Unremarkable (Anything But #2)(10)

By: Lindy Zart



Hands up, Christian slowly stood. “What did you do to Jax and Dominic?” Keep her talking, just keep her talking.

Natasha snorted. “I knocked them out. You guys need better training.”

His jaw tightened. “We have no training. All we know, all we learn, we figure out on our own. We’re the garbage, remember? We don’t exactly get the same privileges as you.”

An indecipherable gleam entered her eyes. “You don’t know what you’re talking about.”

“Why are you here?” he demanded.

“Christian, you’re wasting your breath trying to talk to her. She’s toying with us, and when she’s done, she’s going to shoot us,” Juli said from behind him.

The gun wavered.

Christian’s eyes narrowed as he watched Natasha’s shaking arm. “Are there even bullets in it?” He took a step toward her and the gun swung to his head.

“Stay back!”

“I don’t think there are. What is your motive?”

Natasha’s throat worked as she tried to swallow and Christian could smell her fear, potent and bitter. “I said, stay back.”

“Christian!” Panic raised Juli’s voice.

“Or what? You’ll shoot?” He stopped when the barrel of the gun was touching his chest. “Go on then. Shoot.” Christian stared into her eyes. “Only you watch me while you pull the trigger.”

“You won’t die, if I shoot you,” she whispered. “You’ll heal.”

“So what’s stopping you then? Give it a try.”

“You’ll only die if you’re shot in the brain.”

The gun lifted to his forehead and Christian tried not to flinch. It clicked, his eyes watching hers widen in horror, and he moved. One hand grabbed the gun and twisted, the other slammed into her chest with enough force to send her into the wall a few feet away. Natasha slid to the dirty, damp ground, her head bowed as shivers swept through her small frame. She didn’t look brave or vindictive anymore; she looked like a lost, scared little girl.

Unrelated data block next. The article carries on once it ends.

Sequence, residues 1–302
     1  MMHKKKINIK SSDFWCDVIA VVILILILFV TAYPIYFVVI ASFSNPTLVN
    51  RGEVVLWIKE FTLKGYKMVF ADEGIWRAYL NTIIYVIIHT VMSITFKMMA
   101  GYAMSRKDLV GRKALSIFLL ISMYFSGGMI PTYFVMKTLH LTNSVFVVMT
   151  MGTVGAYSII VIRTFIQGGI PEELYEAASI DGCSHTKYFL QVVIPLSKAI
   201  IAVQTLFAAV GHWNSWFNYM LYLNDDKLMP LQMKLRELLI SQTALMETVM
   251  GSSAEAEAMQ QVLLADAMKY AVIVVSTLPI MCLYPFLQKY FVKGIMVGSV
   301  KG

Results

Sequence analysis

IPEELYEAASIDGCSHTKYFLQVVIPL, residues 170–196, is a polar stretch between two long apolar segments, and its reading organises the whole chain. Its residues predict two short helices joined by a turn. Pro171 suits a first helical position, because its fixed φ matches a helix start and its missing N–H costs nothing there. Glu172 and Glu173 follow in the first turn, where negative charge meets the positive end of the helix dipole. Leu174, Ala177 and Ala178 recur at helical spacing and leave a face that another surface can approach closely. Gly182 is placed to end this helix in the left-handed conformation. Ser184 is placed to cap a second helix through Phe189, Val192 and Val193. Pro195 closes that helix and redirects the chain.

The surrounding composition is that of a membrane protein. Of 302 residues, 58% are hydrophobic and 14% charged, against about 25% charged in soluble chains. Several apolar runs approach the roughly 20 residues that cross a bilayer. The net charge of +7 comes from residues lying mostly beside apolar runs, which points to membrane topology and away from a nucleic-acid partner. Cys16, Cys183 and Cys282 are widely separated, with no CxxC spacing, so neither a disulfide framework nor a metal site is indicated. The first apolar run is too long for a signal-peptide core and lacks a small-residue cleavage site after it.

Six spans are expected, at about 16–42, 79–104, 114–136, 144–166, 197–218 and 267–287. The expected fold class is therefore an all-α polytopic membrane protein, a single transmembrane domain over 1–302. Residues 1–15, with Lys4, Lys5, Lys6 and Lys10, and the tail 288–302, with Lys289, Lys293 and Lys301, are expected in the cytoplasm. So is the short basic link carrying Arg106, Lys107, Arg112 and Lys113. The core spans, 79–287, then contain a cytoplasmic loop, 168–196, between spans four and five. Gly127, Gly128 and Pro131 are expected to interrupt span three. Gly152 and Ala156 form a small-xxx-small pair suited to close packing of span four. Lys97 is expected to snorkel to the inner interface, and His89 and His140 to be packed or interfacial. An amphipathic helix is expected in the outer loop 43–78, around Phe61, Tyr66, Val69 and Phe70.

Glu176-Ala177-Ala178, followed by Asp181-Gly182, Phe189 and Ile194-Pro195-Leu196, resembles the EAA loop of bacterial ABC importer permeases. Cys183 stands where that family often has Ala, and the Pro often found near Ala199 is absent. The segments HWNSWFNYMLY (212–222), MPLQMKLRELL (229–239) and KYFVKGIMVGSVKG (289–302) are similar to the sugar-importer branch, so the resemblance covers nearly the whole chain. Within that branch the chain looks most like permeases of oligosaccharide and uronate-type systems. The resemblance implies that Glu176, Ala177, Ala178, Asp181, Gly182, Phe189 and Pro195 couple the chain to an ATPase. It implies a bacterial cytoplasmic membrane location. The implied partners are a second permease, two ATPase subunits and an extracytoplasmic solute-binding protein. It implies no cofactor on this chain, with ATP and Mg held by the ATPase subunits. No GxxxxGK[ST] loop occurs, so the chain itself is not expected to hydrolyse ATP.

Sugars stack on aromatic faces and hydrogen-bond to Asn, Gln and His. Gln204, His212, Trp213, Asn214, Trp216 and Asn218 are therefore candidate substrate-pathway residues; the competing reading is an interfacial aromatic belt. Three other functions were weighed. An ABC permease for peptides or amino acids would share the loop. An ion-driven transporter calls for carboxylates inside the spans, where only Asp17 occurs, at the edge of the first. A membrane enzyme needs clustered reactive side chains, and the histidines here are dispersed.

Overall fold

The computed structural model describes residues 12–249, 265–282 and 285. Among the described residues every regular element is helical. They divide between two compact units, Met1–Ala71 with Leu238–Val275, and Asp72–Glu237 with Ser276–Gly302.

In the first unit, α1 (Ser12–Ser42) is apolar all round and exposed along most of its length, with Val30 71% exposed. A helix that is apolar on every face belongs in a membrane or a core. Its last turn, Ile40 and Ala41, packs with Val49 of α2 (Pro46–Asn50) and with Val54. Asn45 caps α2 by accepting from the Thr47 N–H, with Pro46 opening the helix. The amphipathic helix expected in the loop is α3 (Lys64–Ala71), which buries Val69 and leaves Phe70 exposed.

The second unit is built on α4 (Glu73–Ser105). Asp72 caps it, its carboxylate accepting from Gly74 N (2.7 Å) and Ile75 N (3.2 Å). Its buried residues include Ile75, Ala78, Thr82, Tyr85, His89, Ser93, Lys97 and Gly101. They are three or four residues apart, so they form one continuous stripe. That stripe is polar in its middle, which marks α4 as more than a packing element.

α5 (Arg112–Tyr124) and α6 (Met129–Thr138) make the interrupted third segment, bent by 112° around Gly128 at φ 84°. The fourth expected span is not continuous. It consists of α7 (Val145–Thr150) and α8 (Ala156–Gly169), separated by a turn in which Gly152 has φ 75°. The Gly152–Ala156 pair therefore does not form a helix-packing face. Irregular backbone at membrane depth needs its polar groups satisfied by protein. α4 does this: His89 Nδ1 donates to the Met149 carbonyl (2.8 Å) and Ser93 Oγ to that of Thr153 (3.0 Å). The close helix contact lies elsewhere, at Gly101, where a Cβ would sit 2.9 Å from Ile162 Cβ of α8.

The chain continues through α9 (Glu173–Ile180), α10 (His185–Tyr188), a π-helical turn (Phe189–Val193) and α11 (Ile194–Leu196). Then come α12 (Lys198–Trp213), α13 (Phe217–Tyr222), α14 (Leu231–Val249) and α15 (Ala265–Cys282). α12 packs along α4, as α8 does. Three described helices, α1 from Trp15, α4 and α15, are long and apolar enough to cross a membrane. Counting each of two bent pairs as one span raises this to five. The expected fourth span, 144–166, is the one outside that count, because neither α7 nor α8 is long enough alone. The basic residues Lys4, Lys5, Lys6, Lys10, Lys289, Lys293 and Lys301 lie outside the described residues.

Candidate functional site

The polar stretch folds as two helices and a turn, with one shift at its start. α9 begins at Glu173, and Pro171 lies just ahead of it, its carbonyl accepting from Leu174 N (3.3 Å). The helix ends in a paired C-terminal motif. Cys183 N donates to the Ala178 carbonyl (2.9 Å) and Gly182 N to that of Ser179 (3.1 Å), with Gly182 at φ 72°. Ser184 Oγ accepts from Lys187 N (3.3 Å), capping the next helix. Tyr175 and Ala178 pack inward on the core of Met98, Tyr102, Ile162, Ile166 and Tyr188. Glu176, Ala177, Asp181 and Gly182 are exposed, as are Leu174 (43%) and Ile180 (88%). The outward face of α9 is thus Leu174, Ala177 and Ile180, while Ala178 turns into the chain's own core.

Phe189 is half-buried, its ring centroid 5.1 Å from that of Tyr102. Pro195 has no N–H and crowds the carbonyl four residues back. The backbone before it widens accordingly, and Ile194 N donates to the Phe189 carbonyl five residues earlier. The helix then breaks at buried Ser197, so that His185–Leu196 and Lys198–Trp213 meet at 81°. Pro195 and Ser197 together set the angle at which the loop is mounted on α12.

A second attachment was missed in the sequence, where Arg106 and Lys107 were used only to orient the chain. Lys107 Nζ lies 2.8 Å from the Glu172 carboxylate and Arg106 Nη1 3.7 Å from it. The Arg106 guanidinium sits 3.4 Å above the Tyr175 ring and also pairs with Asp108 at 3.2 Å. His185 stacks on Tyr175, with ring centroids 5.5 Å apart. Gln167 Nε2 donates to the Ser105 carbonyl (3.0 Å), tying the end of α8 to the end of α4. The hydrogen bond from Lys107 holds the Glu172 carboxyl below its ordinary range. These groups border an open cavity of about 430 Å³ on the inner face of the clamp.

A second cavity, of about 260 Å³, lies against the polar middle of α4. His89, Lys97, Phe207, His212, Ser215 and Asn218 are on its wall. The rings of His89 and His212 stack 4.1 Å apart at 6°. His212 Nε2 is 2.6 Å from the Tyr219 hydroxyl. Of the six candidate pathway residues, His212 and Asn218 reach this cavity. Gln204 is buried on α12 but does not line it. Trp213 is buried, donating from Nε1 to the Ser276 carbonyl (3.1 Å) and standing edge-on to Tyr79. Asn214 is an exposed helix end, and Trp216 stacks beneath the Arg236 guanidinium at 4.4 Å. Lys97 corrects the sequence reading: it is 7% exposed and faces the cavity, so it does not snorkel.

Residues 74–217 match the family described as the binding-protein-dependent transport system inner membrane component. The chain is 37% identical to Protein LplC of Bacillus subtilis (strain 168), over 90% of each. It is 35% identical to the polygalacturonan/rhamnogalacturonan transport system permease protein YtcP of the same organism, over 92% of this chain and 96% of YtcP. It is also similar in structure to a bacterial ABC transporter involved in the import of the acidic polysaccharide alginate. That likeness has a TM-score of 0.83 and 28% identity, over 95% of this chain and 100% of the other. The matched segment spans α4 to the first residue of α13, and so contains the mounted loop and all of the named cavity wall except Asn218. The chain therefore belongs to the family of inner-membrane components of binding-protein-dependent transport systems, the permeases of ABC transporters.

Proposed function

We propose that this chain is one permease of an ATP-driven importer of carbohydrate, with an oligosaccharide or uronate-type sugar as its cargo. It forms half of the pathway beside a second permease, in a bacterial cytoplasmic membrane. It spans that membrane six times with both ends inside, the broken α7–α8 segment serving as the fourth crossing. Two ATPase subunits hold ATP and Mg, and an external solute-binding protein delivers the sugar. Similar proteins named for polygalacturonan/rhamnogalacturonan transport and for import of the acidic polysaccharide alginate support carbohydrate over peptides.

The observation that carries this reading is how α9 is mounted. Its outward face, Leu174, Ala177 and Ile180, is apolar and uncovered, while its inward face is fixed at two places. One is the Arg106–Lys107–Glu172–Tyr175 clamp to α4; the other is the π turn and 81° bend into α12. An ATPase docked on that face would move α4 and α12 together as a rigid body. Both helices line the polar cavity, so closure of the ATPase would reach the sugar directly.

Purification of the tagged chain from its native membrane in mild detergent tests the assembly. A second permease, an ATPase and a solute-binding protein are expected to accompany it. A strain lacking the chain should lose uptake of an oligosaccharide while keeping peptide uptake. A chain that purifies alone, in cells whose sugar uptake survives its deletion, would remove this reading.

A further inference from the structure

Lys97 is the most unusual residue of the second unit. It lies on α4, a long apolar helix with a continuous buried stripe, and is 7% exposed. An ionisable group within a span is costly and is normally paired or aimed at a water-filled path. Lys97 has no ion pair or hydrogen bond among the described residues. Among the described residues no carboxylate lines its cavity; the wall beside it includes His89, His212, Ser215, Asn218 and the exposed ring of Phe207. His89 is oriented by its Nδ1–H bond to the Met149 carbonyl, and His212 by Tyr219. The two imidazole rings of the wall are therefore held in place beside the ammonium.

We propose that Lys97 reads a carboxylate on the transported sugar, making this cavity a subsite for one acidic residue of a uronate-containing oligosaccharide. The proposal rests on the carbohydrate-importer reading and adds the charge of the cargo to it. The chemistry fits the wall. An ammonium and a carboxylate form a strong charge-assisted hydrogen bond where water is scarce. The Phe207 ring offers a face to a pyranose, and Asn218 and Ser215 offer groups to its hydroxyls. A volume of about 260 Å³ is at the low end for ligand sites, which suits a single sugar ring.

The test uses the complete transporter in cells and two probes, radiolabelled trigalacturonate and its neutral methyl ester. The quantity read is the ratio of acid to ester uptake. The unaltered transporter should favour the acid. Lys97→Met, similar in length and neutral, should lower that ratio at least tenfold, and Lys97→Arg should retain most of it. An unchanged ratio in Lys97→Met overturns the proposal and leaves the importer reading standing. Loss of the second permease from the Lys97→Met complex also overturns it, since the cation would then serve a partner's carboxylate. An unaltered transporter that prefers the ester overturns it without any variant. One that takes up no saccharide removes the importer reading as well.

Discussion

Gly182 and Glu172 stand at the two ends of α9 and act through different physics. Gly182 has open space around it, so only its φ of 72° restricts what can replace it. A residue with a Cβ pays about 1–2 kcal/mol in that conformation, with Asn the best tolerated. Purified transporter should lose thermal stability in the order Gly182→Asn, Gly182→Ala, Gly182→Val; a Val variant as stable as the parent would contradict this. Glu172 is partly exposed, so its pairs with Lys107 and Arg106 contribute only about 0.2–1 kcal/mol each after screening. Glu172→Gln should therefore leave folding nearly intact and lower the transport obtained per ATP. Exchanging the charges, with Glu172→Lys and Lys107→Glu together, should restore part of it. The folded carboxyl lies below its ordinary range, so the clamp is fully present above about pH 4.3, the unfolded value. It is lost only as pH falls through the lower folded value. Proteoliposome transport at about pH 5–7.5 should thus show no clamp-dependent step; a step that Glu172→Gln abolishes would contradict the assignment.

“Next time, make sure it has bullets.” Christian put the safety on the gun before shoving it into the waistband of his pants.

His eyes found Brett and Dylan Roth, brothers both turned UDs, a rare occurrence. The odds of two siblings having the disease were almost unheard of. “Tie her up. She’s coming with us.”

“Tie her up? We can’t have her with us, Christian. It’s too dangerous,” Juli argued.

“What’s the alternative?” His eyebrows lifted as he waited.

She sighed, rubbing her face. The alternative was death. Juli knew it. Tenderhearted, there was no way she would allow that if given another option.

“Can’t we just knock her out and leave her here?”

“She can help us. We need training.”

“She tried to kill you!”

“She didn’t succeed.”

Confusion marred Juli’s features. “What? You’re not serious. She’ll try again. You know she will. Look at her. She hates us.”

“She can help us, or she can die.” He caught Natasha stiffening out of the corner of his eye. Looking around the bedraggled group, he said, “Pack up. We’re leaving.”

On his way past Jax and Dominic, he kicked their legs and they began to awaken, blinking at him as they sat up. He glared down at them. “You two are sorry excuses for guards, you know that?”

Jax’s shoulders slumped, but Dominic argued, “She came out of nowhere! I didn’t even know what was happening until it was too late.”

Christian held up a hand. “We need training; that much is clear.” He glanced over to a trussed up Natasha. Hands bound before her, she stood straight, her eyes telling Christian how much she loathed him. “And now we have someone who can train us.”

“I’d rather die first,” Natasha spat out.

Rubbing his mouth, he shrugged. “That can be arranged.”

“You’re lying.”

“You’ll find out soon enough, Natasha; I don’t lie.”





He didn’t smile. There was his public face—the one he had carefully honed for years—confident, arrogant, carefree, grinning Ryder. Then there was the real Ryder—the one who never smiled. You would think it would be hard to pretend everything was okay when it wasn’t, but actually, it was easy. The UDKs had a system: you began as a recruit, advanced to an officer, then an agent, and few became superiors. There were a handful of them acting as superiors at any one time throughout the United States.

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